Members of the Western Connecticut State University Gender and Sexuality Alliance (GSA), as well as students not affiliated with the GSA, will travel to the University of Connecticut-Storrs on Friday, March 16, to attend the 25th Annual True Colors Conference. Joined by participants from the northeast and nationally, the comprehensive conference will focus on LGBTQ+ youth issues in more than 220 workshops.
True Colors is a nonprofit organization in Hartford that works with other social service agencies, schools, organizations and within communities to ensure that the needs of sexual and gender minority youth are both recognized and competently met. The organization trains more than 6,000 people annually, organizes the largest LGBTQ+ youth conference in the country with more than 3,000 attendees and manages the state’s only LGBTQ+ mentoring program. True Colors has been spotlighted by both national and local media for their expertise in LGBTQ+ youth issues.
WCSU student Erika Sabovik, of Shelton, is a sophomore Communication Studies major and president of WCSU’s GSA. She organized the trip to True Colors. “I think this is a really important event for us, especially at the college level, because it is more prevalent to go in high school and many of us forget about the event once we reach college,” Sabovik said. “I wanted to make this trip to True Colors happen because I had such an enjoyable experience in high school along with others, but some haven’t been. There are certain workshops that are geared for college students and I think it’s cool to take that opportunity that we didn’t
True Colors is celebrating 25 years at this conference and Sabovik is sure they will be “pulling out all of the punches” by bringing awesome dancers, speakers, musicians and more. True Colors Executive Director Robin McHaelen began the conference with the intention of it being a one-time event.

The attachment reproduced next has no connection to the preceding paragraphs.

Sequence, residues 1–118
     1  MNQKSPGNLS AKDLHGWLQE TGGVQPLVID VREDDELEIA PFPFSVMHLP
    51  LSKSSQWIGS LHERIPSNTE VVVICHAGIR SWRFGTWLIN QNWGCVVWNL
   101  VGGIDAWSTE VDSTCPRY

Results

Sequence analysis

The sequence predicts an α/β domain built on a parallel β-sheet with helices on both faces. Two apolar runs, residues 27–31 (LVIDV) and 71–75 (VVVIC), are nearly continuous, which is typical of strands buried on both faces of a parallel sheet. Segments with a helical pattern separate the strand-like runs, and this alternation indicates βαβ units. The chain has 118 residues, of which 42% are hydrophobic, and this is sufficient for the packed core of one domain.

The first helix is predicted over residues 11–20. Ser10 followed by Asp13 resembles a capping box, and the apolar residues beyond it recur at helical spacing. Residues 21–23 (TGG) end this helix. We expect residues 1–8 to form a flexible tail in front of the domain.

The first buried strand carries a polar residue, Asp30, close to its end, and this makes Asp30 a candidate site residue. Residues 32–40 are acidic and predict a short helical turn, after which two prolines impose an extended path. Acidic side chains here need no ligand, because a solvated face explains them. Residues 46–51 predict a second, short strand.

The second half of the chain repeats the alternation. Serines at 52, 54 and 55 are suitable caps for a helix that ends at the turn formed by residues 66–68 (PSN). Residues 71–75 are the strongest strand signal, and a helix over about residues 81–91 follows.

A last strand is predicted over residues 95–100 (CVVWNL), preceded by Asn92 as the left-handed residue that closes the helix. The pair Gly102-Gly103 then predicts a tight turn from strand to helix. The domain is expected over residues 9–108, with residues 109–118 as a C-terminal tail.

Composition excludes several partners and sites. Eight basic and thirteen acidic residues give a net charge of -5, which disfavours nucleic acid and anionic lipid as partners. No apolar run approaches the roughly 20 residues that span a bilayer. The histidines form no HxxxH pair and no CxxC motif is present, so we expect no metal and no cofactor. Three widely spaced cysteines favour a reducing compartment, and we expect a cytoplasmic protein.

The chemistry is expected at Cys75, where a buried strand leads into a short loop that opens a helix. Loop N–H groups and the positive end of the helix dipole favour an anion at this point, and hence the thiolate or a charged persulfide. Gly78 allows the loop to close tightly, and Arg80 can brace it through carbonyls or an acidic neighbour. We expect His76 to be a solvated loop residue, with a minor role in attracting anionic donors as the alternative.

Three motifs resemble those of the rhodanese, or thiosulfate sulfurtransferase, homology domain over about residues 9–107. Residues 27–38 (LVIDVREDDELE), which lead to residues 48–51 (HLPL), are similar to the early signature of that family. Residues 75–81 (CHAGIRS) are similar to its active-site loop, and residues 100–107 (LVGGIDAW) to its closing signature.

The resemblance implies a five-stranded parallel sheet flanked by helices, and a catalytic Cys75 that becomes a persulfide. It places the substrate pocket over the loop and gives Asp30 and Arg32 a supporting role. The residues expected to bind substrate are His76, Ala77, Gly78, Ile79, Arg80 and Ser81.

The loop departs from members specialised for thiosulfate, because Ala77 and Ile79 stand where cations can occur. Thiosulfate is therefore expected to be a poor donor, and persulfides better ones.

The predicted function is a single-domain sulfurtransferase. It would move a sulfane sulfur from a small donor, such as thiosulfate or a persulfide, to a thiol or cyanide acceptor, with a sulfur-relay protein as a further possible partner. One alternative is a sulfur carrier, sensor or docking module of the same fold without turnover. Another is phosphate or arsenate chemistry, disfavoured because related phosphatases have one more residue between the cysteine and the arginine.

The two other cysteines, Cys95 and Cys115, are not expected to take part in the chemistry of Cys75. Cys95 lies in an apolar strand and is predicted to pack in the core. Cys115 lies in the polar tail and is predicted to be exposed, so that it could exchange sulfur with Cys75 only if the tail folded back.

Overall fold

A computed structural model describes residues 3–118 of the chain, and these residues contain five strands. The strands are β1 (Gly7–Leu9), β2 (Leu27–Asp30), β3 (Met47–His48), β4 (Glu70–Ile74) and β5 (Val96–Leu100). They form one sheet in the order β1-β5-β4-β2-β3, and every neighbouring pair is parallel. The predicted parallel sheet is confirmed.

“The conference started as a field work project when I was getting my Master’s in Social Work back in 1993,” McHaelen said. “It was supposed to be a one-time thing, but the youth and I who organized it were so transformed by the experience that we decided to keep it going.”
This year’s conference is important for more than one reason, she said. “First, it is our 25th anniversary – and that is a milestone. For a long time, things really seemed to be going in the right direction for our youth. Then suddenly, there is a cultural shift at the national level and people are finding their rights being pulled out from under them. The current administration has rescinded or rolled back most of the protections put in place during the previous administration. In addition, there is a general lack of civility in political discourse at the national, state and even local level. Our young people are often the ones most hurt by it.”
It is important to have a resource for LGBTQ+ youth to turn to in helping them face adversity and feel encouraged to be who they are. Sabovik applauded the fact people can be who they are at True Colors. “It is such a fun experience all within itself. You see all like-minded people, expressing who they are, how they want to be and you just feel like you fit in there; it’s the best feeling ever.”
McHaelen confirmed the event will be a safe space for all. “The conference is one place where every participant is valued, welcomed and affirmed,” she said. “You might not be able to be yourself at home, at school or in your community of faith, but you can be yourself, proudly, at True Colors. We work hard to make sure of that.”
For more information, contact the Office of University Relations at (203) 837-8486.